This was Juliet’s:
Good morning. My name is Juliet Henderson – I teach Spanish, coach basketball and tennis and live with my wife and our daughters in VS. I am here today with my friends and colleagues because we represent the 10% of your faculty who don’t identify as “straight” or heterosexual. While we think that this Chapel talk will be valuable for all of you to hear, we are here specifically to talk to the 10% of you who are not straight. We are going to tell you a little bit about ourselves.
I remember distinctly having a conversation with some friends at the lunch table at school when I was 16. We were talking about our future husbands. I was quite certain that at 26 I would marry a man – specifically a tennis pro, and live in the Bahamas. Fast forward a few decades, and here I am in Connecticut with a wife. Sometimes things don’t turn out how you imagine they will.
I had no idea that I was gay when I was your age. I honestly thought that I hadn’t met the right boy yet. In my generation there were very few people who were out. There was no one like Ellen DeGeneres or Neil Patrick Harris and no tv shows like Glee or Modern Family. My high school had no out gay kids, and any teacher that might have been gay was deep in the closet. Because there were no “celebrity” gay role models for the youth of my generation, and because I was fairly innocent, the idea that I might be gay never crossed my mind until I was 17. At 17 I took a gap year and lived in Spain. To make a very long story very short, I met a Spanish girl who confided to me that she was gay. We fell in love, and were together for four years. This was the beginning of my journey out of the closet. To say that it was easy would be trivializing the process. It was challenging, but I was lucky; I had lots of friends who supported me. I know it was hard for my parents to find out that their only child was gay – it went against everything that, in those times, they stood for. But they proved that their love for me was greater than anything else and today we are closer than ever.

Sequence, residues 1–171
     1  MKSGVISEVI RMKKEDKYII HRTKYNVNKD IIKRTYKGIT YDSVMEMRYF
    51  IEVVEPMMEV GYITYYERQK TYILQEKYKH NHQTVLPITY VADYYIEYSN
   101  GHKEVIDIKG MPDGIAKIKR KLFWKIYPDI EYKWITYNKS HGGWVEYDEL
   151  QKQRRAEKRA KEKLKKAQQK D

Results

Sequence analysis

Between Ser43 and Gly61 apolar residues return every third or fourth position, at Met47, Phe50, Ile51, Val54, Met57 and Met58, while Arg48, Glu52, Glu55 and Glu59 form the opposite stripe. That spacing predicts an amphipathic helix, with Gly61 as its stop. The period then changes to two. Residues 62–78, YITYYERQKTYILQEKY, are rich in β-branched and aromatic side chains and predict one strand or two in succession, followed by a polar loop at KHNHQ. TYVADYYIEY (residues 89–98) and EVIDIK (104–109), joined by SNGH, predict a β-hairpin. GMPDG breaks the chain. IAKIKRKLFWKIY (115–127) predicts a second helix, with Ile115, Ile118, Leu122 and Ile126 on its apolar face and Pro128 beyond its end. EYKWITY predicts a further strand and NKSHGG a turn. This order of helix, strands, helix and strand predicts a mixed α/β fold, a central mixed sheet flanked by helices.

I went into teaching for many different reasons. I love Spanish and literature and linguistics and, most importantly, I really like you all – you are smart and funny, you have interesting perspectives and fascinating stories. Perhaps you have heard of the term “gaydar.” Gaydar is when one gay person recognizes another without needing to talk about it. When you are gay you recognize something familiar in another gay person, however understated it may be.
At my previous school I met a little girl named Julia who was in the 4th grade. She was the spunkiest, funniest little girl I had ever met. My gaydar went off immediately. When she was in 9th grade, I was her Spanish teacher. She breathed life into her class. She drove me nuts because she was always off topic, but everyone loved her because she was just so funny. I left that school to come to Hotchkiss and she grew up to go to college. We kept in loose touch. I continued to wonder if she was gay because something about her told me she was. Last year, on January 18, I found out that she had taken her own life in her dorm room. I found out that she was indeed questioning her sexual identity. Just to be clear, she was not bullied for not being straight and she had friends who she was able to be open and honest with. She was an actor, a singer and a friend to everyone who was lucky enough to cross her path - but not being straight can add to the usual pressures and stress of life.
Until January 18th of last year I was hubristically under the false impression that my mere presence would make everything OK for all the gay kids who came into contact with me. Her death absolutely shattered me. Although rationally I knew that this was not true, I felt like I had failed her. I realized that I needed to do more than just be a presence. Julia is the major reason why I am up here today to talk to you. You are not alone, you are noticed, you are appreciated and you are loved. You are more than just your sexual identity. Like her, you are academics and athletes, musicians and actors, entertainers, artists, and friends. You are vibrant.
We all have something in common with you and we are all here for you to talk to if you ever need an adult who has a shared experience with you.
If there is anything we can do at anytime to make your journey easier, please never hesitate to ask. Each one of us up here has something in common with you. I want to say to those who came out before me, I give you my profound thanks for making my journey easier. To those who came out with me: keep fighting. To those who came out after me: know that you are the future, and that you are awesome. Finally, to those who have yet to come out: your voice is needed, and you can do it – you are stronger than you think!